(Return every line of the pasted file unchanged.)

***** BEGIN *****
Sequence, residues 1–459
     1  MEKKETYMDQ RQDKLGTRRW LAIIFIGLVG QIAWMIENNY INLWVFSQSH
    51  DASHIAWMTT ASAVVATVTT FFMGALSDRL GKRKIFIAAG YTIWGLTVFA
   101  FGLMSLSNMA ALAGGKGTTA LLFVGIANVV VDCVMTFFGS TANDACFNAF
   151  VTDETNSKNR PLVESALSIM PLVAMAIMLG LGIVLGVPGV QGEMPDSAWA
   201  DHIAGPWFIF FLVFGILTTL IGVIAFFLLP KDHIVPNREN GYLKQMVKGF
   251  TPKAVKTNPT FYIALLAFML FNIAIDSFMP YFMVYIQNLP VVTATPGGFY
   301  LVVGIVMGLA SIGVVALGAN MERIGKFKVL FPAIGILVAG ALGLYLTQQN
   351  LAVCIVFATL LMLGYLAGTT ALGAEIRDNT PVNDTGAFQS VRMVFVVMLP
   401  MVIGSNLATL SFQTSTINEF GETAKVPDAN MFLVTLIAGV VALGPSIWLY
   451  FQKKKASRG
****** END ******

Sequence, residues 1–459
     1  MEKKETYMDQ RQDKLGTRRW LAIIFIGLVG QIAWMIENNY INLWVFSQSH
    51  DASHIAWMTT ASAVVATVTT FFMGALSDRL GKRKIFIAAG YTIWGLTVFA
   101  FGLMSLSNMA ALAGGKGTTA LLFVGIANVV VDCVMTFFGS TANDACFNAF
   151  VTDETNSKNR PLVESALSIM PLVAMAIMLG LGIVLGVPGV QGEMPDSAWA
   201  DHIAGPWFIF FLVFGILTTL IGVIAFFLLP KDHIVPNREN GYLKQMVKGF
   251  TPKAVKTNPT FYIALLAFML FNIAIDSFMP YFMVYIQNLP VVTATPGGFY
   301  LVVGIVMGLA SIGVVALGAN MERIGKFKVL FPAIGILVAG ALGLYLTQQN
   351  LAVCIVFATL LMLGYLAGTT ALGAEIRDNT PVNDTGAFQS VRMVFVVMLP
   401  MVIGSNLATL SFQTSTINEF GETAKVPDAN MFLVTLIAGV VALGPSIWLY
   451  FQKKKASRG